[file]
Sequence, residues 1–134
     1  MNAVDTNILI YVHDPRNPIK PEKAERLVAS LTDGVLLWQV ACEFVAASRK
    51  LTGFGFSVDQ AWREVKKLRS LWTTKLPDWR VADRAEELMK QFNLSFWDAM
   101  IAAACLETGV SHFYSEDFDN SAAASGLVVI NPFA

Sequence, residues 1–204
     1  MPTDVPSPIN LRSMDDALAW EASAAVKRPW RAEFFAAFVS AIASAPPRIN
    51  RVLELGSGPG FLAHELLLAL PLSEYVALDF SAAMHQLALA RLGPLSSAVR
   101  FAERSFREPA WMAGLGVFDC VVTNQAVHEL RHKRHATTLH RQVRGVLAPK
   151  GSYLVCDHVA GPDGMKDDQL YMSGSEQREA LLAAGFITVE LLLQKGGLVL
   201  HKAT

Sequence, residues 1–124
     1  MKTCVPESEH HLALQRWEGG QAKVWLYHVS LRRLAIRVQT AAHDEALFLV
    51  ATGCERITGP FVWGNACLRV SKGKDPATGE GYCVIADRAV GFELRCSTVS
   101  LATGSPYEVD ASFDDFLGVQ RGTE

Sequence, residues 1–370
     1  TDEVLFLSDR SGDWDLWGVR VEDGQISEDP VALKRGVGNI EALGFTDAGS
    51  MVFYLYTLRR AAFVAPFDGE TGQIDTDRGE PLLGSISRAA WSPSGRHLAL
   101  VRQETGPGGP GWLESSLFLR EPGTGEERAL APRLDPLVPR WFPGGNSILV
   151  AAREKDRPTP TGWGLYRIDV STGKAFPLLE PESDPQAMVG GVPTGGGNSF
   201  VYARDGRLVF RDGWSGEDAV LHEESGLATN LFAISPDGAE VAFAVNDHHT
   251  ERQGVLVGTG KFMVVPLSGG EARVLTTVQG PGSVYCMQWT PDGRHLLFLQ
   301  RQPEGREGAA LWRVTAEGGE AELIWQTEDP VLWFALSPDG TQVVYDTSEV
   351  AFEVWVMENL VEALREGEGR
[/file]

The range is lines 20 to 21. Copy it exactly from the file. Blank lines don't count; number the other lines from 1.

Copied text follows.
   201  VYARDGRLVF RDGWSGEDAV LHEESGLATN LFAISPDGAE VAFAVNDHHT
   251  ERQGVLVGTG KFMVVPLSGG EARVLTTVQG PGSVYCMQWT PDGRHLLFLQ